What physical challenges have you overcome this year? Did you fall prey to the horrible flu, or the bad colds of this season, or even pneumonia? How blessed are you who were sick and are now well. Even more blessed are those who stayed with you, cared for you, nursed and doctored you back to health. They have shown mercy, and mercy will be shown to them.

How about your prayer life? Did you experience the comfort and companionship of the Holy Spirit as you navigated the depths of Christ’s life in you? Maybe a faith community has welcomed and loved you. For that mercy, in the winter and spring of your days this year, be grateful. Even more blessed are those who have extended that friendship and grace.

I know a little bit about mercy, because I am the endless recipient of it. On this Divine Mercy Sunday, I offer this suggestion. Find the image of Divine Mercy. Stand in front of it. Imagine the healing rays coming from the heart of Jesus pouring straight into whatever part of your body or soul is hurting. Let those rays in. The mercy of the Risen One longs to pour into you.

Jesus, we trust in you.

How can the Divine Mercy of Jesus transform you this year?

Kathy McGovern ©2019

Kathy McGovern © 2014-2015

The Resurrection of the Lord – Cycle C

20 April 2019

Reflecting on John 20: 1-9

It’s Easter, finally! Breathe it in. Smell it. Taste it. Touch it. It’s glorious, gracious Easter, arriving once again in spite of our imperfect attempts to prepare for it.

Ah, flowers. Take in that delicious Easter smell of last night’s orgy of joy­—the chrism, the Candle, the cries of joy from the Elect as we dunked them with the waters of the parted Red Sea and the blessed Jordan River.

It’s Easter, people! Get out your gorgeous Easter colors, your Easter hats and your white gloves, your Easter baskets and your Easter hearts, broken open by Good Friday, overflowing with joy at the news of the empty tomb.

Do you have timeless and beautiful Easter memories? If so, call them up. Thank you, Aunt Margaret, for those heavenly chocolate Easter eggs, with each of our names in gorgeous pink script.

Thank you, Sister Genevieve, for teaching us the music for Holy Week. Our eighth grade class led all the music for the entire Triduum. As always in my life, I was in the right place at the right time.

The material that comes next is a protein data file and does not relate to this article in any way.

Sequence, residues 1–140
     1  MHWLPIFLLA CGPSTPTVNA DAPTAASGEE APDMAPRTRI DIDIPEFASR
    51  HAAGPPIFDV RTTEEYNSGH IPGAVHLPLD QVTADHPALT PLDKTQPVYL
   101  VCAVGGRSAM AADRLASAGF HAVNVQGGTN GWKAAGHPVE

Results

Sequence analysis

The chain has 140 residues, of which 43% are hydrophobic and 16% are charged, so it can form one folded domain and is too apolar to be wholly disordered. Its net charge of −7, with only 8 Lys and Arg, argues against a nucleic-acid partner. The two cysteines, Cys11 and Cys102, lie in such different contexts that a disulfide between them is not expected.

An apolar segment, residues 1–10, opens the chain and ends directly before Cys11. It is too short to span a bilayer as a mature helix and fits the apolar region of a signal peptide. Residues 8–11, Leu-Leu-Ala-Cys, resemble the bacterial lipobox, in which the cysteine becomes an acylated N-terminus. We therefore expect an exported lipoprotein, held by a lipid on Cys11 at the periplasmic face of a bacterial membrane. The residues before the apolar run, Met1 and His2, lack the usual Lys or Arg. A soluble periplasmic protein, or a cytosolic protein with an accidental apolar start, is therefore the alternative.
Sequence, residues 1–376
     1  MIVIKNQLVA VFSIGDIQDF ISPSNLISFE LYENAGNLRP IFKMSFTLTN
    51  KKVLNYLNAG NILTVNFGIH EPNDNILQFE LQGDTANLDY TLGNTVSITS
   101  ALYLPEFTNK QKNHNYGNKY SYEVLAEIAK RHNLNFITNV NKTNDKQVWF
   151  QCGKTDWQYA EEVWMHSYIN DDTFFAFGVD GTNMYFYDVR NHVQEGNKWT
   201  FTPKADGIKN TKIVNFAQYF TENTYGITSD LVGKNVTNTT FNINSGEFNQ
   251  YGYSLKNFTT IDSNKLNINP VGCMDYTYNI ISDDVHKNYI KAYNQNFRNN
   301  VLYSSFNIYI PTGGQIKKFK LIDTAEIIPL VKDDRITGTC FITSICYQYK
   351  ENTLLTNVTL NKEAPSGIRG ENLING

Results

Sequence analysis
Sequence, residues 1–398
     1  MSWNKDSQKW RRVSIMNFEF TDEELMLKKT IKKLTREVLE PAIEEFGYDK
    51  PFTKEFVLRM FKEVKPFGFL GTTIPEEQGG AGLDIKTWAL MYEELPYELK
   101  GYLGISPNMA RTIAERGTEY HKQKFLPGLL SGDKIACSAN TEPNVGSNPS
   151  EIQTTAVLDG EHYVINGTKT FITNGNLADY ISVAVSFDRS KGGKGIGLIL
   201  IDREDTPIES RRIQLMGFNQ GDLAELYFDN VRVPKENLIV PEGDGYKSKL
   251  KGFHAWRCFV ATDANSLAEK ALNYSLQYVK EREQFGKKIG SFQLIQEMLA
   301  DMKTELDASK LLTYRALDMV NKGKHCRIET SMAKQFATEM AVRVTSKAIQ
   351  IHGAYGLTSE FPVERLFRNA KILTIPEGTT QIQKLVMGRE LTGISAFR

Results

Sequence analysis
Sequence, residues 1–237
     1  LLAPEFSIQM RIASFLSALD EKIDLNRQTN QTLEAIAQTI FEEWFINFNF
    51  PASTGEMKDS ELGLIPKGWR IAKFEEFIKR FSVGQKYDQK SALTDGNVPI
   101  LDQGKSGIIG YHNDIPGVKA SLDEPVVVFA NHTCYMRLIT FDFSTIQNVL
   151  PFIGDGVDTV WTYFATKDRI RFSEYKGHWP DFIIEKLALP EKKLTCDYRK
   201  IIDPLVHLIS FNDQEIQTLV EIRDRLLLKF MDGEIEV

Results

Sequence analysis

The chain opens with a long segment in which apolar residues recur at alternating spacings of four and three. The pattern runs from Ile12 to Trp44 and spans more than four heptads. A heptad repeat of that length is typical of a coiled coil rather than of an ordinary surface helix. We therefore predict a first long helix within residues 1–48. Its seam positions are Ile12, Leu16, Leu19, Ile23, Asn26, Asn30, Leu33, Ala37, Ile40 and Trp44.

Thank you, kind parish of my youth. You opened the choir loft to children, and the indelible mark of mission and music has never left me.

Thank you, Egeria, you intrepid fourth-century nun. You traveled from Spain to the Holy Lands to see how the Christians in Jerusalem celebrated Easter. Your fascinating diary, discovered in 1884, is the reason our Holy Weeks are so stunningly beautiful.

Thank you, St. Mary Magdalene, disciple to the disciples. Your witness rings out to the farthest reaches of the earth: the grave is empty!

Death couldn’t hold the Author of Life. And it won’t hold you either.

What are your favorite Easter memories?

Kathy McGovern ©2019

Kathy McGovern © 2014-2015

Pentecost Sequence – Cycle C

18 May 2016

Come, Holy Spirit. That’s what we say.

But could you help us actually mean it someday?

Do we know what we’re asking for? Should we retreat?

Can we absorb all that fire? Can we take the heat?

                                                                           

First, give us grace to prepare for your power.

Give us hearts to give up what you long to devour.

Our greed, our guilt, our closing our eyes,

Take it all Spirit, lay bare our disguise.

 

Help us want to want you, that’s really our prayer.

Enlarge our hearts so there’s room for you there.

This Pentecost, Spirit, bring us a new birth.

Then watch as we join in renewing the earth.

How will you work to bring the earth back to health this year?

 

Kathy McGovern ©2016

Kathy McGovern © 2014-2015

A Mother’s Day Memory

9 May 2016

The rain started out fast, and before I knew it my doll and I were drenched!   I raced down the alley with my doll carriage, but Susie fell out and into the muddy alley.

I was hysterical, of course. My beautiful mother went out into the rain to look for her. I was stunned to realize that my mother was not completely magical. Even she, with all her wondrous powers, couldn’t find my beloved doll.

Ah, but two days later she came into the house carrying Susie! It turns out that the Doll Hospital had taken care of her and then called to say Susie was ready to come home.

Susie must have been very sick. Her skin wasn’t as cuddly, her eyes weren’t the same color, and her red hair was now brown.  I missed her red plaid dress, but the blue dress they gave her in the hospital was pretty too. We went out to play. Twenty-five years came and went.

On a Wednesday morning in January, 1981, a cloud lifted from my memory, and I started to giggle. I called my Magic Mother. That wasn’t really Susie you brought home that day. Without missing a beat, she said, I’ve got the dumbest kids in America.

Neither rain, nor sleet, nor dark of night was going to keep her from consoling her little girl.  She was going to find Susie, whether she had to swim to her, or dig her out of the mud, or enlist the “doll hospital” to do it.  And you know what?  She’s still rescuing me, still consoling me, still loving me, thirty years after her death. That’s the strongest magic of all.

Tell your mom, whether she is here or with God, a favorite memory of her.

Kathy McGovern ©2015. Originally published in Chicken Soup for the Soul: Thanks to my Mom!

Kathy McGovern © 2014-2015

Next Page »